And the US juvenile test requires a split, stag, falling leaf, or half loop jump.

    Between achieving just a recognizable attempt at a split (maybe 90 degrees) and actually achieving a full split in the air (180 degrees) are gradations of quality, but the definition of the move is the same.

    Same with single axel or any other single-rotation jump from a standard takeoff, with a variation in air position. Just being able to do the jump itself, is a low-level move, but achieving a split or other extended position at the peak, and/or delaying the rotation significantly, takes much greater skill and would need to be trained after the basic move has been mastered.

    Before my time, but my understanding is that these used to be a lot more common before skaters needed to train multiple triple jumps.

    These had already become rare by the 1980s and even moreso by the 90s, when adding rotations to all the takeoffs had become the definition of good jump skills.

    We did sometimes see them in show programs from skaters who didn't bother to include them in competition.

    With IJS, as long as a jump is considered a nonlisted element, it's valuable as a transition, which is why we see walleys and split jumps approximately as often now as 10-15 years ago.

    I haven't seen a full inside axel in a competitive program since the early maybe mid-90s, so I wouldn't blame the disappearance of that one on IJS. Mishin's students used it as warmups in the 90s -- is that still the case?

  17. #17

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    Quote Originally Posted by gkelly View Post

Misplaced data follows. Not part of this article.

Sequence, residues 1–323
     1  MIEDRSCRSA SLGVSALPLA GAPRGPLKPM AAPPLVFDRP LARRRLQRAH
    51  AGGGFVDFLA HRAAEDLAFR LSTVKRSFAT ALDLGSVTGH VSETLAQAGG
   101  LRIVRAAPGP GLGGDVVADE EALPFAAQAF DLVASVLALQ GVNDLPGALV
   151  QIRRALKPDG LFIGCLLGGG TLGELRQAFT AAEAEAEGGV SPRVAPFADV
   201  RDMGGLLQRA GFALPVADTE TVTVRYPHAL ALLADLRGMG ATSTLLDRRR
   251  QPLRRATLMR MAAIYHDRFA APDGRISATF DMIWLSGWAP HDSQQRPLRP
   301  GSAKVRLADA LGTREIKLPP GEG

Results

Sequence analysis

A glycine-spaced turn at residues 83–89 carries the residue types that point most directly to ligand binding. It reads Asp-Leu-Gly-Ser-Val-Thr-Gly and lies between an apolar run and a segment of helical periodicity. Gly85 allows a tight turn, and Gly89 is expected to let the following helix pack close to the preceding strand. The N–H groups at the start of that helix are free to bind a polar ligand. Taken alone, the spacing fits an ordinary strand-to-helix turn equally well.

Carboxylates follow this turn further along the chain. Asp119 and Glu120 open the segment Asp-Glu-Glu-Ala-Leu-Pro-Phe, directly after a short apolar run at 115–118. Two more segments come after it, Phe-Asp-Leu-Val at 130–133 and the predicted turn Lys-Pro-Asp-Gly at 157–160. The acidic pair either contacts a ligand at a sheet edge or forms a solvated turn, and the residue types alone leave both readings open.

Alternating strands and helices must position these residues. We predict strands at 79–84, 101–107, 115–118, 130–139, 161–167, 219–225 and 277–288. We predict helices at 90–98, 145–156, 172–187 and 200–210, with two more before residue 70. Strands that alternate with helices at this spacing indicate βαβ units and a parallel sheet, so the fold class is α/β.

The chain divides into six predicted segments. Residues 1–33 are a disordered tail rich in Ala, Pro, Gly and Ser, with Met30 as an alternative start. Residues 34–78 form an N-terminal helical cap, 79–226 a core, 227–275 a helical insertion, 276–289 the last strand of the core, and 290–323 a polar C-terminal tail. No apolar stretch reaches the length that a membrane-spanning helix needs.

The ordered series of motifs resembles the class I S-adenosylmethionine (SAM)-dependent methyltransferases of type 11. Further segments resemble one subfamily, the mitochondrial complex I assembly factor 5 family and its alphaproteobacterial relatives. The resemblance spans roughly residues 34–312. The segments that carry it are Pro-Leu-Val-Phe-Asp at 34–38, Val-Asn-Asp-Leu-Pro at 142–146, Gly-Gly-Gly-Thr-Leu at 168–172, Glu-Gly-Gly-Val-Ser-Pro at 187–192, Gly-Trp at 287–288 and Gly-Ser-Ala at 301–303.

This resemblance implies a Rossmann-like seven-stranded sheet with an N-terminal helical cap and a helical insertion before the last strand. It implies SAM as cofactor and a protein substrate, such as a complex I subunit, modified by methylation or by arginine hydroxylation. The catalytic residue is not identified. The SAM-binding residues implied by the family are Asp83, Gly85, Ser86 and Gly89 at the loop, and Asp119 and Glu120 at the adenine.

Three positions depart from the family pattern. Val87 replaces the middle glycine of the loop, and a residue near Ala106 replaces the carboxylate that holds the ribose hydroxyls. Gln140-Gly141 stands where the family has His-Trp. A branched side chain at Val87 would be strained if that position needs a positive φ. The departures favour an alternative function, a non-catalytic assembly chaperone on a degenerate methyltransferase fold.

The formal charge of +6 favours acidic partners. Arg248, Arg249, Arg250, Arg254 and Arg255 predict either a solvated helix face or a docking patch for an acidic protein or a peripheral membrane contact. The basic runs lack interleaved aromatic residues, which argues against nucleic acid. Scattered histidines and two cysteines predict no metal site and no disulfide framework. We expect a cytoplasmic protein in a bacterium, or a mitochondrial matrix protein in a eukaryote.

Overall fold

I haven't seen a full inside axel in a competitive program since the early maybe mid-90s, so I wouldn't blame the disappearance of that one on IJS. Mishin's students used it as warmups in the 90s -- is that still the case?
    Someone did it in the free skate at Skate Canada. It was cool and you'd think I'd remember who it was. Joshua Farris maybe? I've seen it a handful of times in competition since the mid-90s (I remember a non-elite senior skater no one here would've heard of doing it in a non-qual competition 6 years ago or so-- I still remember who, but can't remember who did it 2 days ago. )

  18. #18
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    Delayed axels are amongst my favourite jumps.

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    Another thread that seems to belong in the Trash can because of the type of discussion going on here. I can see why a new poster would be confused by the names, because it may appear that the Great Skate Debate (GSD)is where you 'debate' or discuss your opinions, but that's not the case. The GSD forum is actually where we typically post news articles, announcements of upcoming shows/competitions, ISU annoucements, etc. We then discuss them, of course. Discussions about favorites (skaters/competitions/jumps, etc.), past competitions/performances, etc. are usually in the Trash Can. This is a really good & usually clean Trash Can though, so don't let the name scare you away.

  20. #20

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    Well, it seems that a FSU Admin. decided to move this thread from Moves in the Field to GSD. (see post #2)

    I hope Courtney Hicks' Russian split (single) flip in her programs this year will start a trend for these type of jumps to be used more often in competition as choreographic flourishes.
    "Randy [Starkman (1960-April 16, 2012)] lived by the same motto as the rest of us. The Olympics isn’t every four years, it’s every single day. He just got it." --Canadian Olympic kayaker Adam van Koeverden